I just had a conversation with someone I know here in Israel who has just spent the last several years in a European country. On the Israeli spectrum, he’s on the extreme left. In the European country where he settled, he joined a group of radical Jews, and was several times offered a place on one of the boats that has periodically tried to break the Israeli blockade on Gaza. (He didn’t go because he said he feared what the Israeli military might do in response). One of the things that came up in our discussion was the very point of this post.

    He said that he thought the Israeli government, by its actions (against the most recent Gaza flotilla, for example) was fostering anti-semitism in the world. This made me angry, and I said that anti-semites are the ones who foster anti-semitism in the world. He replied that the Israeli government and Jewish organizations in the United States charge anyone who criticizes Israel with being an anti-semite. (I didn’t agree with this point but didn’t argue with him about it). Then he said that if, in response to some action by the Israeli government, someone who disapproved of it said “Fuck the Jews” that this really wasn’t anti-semitic, because what they were really doing was expressing their disapproval of the government. I got angrier at this point and said that as a non-Israeli Jew (I’m visiting here for about five weeks this summer), who can’t vote in Israeli elections, I am not responsible for what the Israeli government does. I should not be blamed for its actions.

    He said that in order for me not to be blamed for its actions, I should make it clear that the government did not act “in my name.” The implication seemed to me to be that if I didn’t do this, I really deserved to be subjected to people saying things like “fuck the Jews” to me whenever the Israeli government did something they didn’t like. In short, he was excusing anti-semitism when it cloaked itself in criticism of Israel.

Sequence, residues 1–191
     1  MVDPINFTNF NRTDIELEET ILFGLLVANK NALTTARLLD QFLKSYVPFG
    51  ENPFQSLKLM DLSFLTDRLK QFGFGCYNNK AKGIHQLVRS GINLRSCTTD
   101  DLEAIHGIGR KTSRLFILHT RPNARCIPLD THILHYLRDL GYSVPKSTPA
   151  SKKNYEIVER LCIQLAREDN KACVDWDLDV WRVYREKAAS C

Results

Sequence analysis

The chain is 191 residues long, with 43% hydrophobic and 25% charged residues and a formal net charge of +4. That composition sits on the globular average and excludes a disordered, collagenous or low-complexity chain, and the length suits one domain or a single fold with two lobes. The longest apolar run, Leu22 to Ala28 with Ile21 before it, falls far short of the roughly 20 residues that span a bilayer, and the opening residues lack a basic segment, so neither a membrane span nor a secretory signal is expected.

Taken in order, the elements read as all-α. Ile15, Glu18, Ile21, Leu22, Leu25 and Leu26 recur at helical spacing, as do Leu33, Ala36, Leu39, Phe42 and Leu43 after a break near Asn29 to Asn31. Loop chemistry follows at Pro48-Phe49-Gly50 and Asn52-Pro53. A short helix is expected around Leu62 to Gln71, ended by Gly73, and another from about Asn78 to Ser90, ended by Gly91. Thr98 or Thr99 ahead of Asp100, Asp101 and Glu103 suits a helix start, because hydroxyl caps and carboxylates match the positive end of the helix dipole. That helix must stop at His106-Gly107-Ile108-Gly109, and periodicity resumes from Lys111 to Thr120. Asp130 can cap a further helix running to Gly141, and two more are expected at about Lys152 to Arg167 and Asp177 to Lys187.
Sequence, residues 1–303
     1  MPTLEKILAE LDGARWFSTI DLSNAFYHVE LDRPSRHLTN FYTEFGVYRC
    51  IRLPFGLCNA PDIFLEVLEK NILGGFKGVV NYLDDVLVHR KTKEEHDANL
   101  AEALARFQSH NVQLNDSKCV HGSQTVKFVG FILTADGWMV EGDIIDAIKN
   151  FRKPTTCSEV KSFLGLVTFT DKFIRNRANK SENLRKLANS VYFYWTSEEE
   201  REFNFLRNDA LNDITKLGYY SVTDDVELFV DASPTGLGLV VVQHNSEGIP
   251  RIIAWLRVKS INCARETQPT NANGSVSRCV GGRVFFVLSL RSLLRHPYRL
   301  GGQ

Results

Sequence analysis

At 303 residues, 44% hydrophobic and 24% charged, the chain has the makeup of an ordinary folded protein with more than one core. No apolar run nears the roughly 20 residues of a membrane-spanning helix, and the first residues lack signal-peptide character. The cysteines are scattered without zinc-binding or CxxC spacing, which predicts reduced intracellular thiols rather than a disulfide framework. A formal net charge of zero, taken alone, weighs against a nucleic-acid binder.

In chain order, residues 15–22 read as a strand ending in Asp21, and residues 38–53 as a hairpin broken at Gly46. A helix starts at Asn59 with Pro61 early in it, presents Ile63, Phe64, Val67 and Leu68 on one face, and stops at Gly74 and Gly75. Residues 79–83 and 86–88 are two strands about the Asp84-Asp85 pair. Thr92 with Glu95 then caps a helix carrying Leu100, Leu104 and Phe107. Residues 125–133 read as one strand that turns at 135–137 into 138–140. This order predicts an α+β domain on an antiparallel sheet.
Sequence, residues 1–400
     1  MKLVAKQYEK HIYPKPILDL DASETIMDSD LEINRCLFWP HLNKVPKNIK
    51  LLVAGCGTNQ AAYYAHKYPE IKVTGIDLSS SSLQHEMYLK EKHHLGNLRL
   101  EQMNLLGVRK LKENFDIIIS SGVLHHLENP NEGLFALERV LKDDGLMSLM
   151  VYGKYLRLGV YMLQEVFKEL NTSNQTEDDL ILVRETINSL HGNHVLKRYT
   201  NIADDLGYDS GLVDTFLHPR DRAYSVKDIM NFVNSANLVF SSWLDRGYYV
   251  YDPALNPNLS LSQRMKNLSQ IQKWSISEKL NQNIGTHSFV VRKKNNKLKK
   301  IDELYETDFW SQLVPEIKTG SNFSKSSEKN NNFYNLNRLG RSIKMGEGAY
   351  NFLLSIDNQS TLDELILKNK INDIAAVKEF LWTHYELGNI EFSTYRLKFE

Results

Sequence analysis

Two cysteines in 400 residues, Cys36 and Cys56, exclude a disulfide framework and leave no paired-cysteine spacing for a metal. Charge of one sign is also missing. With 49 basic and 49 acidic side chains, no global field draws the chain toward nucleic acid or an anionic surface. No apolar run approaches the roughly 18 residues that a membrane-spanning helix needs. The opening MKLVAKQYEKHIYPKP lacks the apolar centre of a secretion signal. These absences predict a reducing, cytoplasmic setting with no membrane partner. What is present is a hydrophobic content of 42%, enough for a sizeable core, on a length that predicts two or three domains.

I found this conversation both startling and depressing. How can someone not find the statement “fuck the Jews” to be anti-semitic? How can a statement like this be mistaken for criticism of actions of a particular government? To such depths the extreme left has sunk.

    • Mira Vogel Says:

      No alternative visions, no messages of hope to counteract the messages of fear, no strategy. Bitter. Happy to see his compatriots hated. What an easy victory he and those like him must be for their political opponents.

    • zkharya Says:

      ‘said “Fuck the Jews” that this really wasn’t anti-semitic, because what they were really doing was expressing their disapproval of the government.’

      This is like some Marxist Jews who said that peasant or proletarian antisemitism was simply an expression of resentment against class injustice (today he would say ‘resistance’).

      For them too, antisemitism was an expression of something deeper, for which Jews were responsible, that, if it did not legitimate it, surely excused it.

      That he could not understand that assuming diaspora Jews are ‘guilty’ until proven innocent is one of the most profound kinds of antisemitism there is. It is the most dangerous and, increasingly, the most common.

      Atzmon is another ex-Israeli who has become a ‘cultured’ European in much the same way: antisemitism is sooo in for Jewish sophisticates these days.

  2. Lynne T Says:

    It has crossed my mind recently, that what may really motivate some of the “activism tourists” who join convoys like Viva Palestina or the Free Gaza flotilla are not necessarily motivated by anti-semetism as much as they wish to validate whatever sense of victimhood they carry or simply be seen as highly moral individuals by identifying with the world’s #1 brand in “righteous oppressed” people, and, after all, they have it on the authority of Durban I and personalities such as Desmond Tutu confirming that Israel practices apartheid.